The author has the economic independence to commercialize his copyrighted works which can be literary, musical, theatrical, cinematographic film etc. The author also has the right to reproduce, illustrate, communicate, and modify the work in any way. In Landbroke Limited Vs William Hill Limited, it was held that the economic rights of the owner cannot be used without his permission. There could be substantially similar result by the independent work. In more clear words if we take an example of two children of a classroom who have written answers and are taught by the same teacher, referred to a common work, so their answers will also be similar to each other, if substantially similar but the work is from different source then it is acceptable, their answers might be very similar but they study from different study material. Both of their work will be considered as they haven’t infringed each other’s right.

Moral Rights-

Moral rights are the rights individual creators have in relation to copyright works or films they have created. Moral rights are separate from the economic rights of the copyright owner, such as the rights to reproduce the work or communicate it to the public. Moral rights are the embodiment of the natural rights of an artist has over what he has created. Moral rights are personal legal rights belonging to the creator of copyright works and not be transferred, assigned or sold.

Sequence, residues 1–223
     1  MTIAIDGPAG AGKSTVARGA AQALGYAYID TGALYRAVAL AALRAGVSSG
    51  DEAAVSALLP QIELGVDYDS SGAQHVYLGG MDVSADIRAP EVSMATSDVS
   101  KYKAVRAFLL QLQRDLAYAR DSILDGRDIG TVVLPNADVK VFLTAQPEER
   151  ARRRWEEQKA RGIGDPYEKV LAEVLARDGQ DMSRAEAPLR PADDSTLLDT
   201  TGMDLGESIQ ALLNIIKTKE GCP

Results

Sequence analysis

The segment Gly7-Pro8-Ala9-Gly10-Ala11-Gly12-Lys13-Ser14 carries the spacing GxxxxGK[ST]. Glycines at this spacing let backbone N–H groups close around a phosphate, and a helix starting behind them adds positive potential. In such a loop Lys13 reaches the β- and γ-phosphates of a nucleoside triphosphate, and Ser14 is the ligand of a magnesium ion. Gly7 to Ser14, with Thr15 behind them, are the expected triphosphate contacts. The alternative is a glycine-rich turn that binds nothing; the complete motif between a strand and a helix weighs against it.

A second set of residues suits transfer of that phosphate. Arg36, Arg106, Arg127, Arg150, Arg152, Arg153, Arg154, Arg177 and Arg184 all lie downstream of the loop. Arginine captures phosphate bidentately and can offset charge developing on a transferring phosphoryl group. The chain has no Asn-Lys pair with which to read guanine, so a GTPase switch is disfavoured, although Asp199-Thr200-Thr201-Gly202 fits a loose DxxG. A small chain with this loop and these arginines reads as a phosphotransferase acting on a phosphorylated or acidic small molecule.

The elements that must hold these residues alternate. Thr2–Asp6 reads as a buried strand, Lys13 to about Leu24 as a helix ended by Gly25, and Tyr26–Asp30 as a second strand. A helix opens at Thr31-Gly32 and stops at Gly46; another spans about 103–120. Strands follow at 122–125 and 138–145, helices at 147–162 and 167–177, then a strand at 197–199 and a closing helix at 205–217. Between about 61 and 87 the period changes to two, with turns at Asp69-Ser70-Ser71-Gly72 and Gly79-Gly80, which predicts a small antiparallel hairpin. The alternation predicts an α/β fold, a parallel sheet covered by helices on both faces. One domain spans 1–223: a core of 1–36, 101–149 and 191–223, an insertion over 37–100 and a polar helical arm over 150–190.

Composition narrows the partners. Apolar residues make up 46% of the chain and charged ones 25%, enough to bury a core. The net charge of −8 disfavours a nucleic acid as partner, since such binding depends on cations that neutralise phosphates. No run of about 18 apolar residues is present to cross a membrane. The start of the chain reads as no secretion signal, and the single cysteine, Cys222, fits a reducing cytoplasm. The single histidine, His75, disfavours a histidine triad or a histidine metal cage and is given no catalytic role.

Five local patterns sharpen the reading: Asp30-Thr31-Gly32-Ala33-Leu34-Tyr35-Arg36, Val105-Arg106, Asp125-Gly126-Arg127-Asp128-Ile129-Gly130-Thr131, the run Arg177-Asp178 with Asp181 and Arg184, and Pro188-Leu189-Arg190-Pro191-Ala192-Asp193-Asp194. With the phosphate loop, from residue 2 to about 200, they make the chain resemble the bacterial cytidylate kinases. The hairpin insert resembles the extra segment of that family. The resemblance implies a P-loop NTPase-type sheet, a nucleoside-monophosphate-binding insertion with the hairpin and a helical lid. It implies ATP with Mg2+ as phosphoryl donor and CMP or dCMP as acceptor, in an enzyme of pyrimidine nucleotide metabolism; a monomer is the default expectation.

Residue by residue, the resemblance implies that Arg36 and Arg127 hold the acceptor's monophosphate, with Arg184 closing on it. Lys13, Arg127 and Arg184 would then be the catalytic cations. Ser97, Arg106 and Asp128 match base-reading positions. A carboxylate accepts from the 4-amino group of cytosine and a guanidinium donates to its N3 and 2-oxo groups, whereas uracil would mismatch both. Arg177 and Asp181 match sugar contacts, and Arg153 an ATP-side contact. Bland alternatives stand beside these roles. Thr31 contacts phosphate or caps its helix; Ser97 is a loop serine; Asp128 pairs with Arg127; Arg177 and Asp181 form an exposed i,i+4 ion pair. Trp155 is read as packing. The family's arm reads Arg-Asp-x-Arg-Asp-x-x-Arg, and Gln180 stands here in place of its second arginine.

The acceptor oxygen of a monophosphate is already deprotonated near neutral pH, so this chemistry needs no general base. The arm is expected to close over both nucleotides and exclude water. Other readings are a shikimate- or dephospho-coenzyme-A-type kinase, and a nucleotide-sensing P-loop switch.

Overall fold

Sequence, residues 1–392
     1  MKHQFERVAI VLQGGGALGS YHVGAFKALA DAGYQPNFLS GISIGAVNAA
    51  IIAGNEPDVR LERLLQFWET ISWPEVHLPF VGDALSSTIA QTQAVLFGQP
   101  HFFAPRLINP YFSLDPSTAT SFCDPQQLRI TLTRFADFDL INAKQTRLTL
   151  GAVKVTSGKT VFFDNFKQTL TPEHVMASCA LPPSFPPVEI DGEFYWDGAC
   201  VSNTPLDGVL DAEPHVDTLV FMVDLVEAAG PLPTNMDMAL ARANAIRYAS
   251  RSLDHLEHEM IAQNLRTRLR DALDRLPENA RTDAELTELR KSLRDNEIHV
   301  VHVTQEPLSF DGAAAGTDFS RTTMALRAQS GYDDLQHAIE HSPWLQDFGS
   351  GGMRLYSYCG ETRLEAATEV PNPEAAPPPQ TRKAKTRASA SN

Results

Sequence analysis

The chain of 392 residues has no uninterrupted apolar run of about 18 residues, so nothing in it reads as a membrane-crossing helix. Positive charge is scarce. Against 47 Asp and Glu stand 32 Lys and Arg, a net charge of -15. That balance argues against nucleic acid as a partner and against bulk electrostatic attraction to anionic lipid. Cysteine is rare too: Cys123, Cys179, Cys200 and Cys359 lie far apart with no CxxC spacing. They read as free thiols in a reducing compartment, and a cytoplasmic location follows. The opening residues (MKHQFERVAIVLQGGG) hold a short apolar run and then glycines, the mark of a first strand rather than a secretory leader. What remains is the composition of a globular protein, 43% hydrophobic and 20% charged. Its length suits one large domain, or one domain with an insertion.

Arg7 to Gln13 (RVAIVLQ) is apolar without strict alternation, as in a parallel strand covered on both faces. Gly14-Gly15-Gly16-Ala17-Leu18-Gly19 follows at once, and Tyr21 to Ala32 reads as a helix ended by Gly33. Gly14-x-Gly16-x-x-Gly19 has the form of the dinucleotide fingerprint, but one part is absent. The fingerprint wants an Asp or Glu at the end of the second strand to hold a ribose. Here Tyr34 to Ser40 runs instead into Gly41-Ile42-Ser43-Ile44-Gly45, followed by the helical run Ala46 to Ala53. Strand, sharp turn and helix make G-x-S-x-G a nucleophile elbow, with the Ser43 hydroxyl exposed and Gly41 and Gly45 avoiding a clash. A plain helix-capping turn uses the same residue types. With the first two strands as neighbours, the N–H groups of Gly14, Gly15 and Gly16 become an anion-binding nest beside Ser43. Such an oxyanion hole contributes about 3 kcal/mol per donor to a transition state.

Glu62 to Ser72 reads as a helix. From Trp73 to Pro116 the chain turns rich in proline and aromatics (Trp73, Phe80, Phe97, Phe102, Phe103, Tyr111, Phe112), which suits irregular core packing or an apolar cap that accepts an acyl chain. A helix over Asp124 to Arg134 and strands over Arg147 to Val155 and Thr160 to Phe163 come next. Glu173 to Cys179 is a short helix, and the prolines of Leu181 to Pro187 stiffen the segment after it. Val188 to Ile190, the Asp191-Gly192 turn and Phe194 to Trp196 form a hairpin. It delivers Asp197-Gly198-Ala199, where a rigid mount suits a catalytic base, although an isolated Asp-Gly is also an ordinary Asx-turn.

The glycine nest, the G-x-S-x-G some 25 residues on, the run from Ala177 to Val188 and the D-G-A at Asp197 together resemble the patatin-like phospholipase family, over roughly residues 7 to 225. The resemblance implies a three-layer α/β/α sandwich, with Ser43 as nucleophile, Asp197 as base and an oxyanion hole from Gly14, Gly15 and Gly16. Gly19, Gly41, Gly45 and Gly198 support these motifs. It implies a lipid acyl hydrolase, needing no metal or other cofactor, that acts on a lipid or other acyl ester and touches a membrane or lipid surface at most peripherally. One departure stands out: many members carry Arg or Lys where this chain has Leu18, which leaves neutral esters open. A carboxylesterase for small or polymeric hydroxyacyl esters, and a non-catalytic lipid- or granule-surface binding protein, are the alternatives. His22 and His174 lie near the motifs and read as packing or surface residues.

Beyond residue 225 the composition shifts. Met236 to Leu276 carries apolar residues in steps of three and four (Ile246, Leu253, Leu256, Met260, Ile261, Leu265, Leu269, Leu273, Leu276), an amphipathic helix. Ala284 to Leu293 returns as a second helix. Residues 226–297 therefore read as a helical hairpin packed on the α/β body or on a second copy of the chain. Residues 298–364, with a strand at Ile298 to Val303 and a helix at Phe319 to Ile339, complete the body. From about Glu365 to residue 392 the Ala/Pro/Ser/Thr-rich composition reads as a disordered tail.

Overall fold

In Manu Bhandari vs Kala Vikas Motion Pictures Ltd, the plaintiff, Mannu Bhandari, was a famous Hindi language novelist. The defendant produced a motion picture titled Samay Ki Dhara based on plaintiff’s novel Aap Ka Bunty. Though the movie was made under an agreement with the plaintiff, the plaintiff was not happy with the way her work was treated during the adaptation of the novel into the movie. The plaintiff feared that her image would be tarnished if the distorted version of her novel was allowed to be presented through the movie. Hence the plaintiff sought permanent injunction against the screening and exhibition of the movie. While dealing with this case, the Bench attempted to strike a balance between creative freedom of filmmakers and the moral rights of authors. The observations of the Delhi High Court throw light upon the interpretation of Section 57 and elaborated on the importance of the same. It can be said that in some ways, the case of Mannu Bhandari acts as a beacon of hope for authors of literary works by stressing upon the relevance of moral rights.


● One can preserve one’s rights as an artist by acquiring a copyright registration certification for the work that has been made. When there is a disagreement about ownership of the copyright, the certification and entries serve as first-hand evidence in court.

● It is essential for an artist to be informed of his rights under the Copyright law, and the best way for an artist to safeguard his copyright work is to get it registered in order to avoid undesired legal arguments, mental pain, harassment, and financial hardships over the ownership of his own piece of work.


Contributor: Bhumika Sharma


Interns and Paralegals.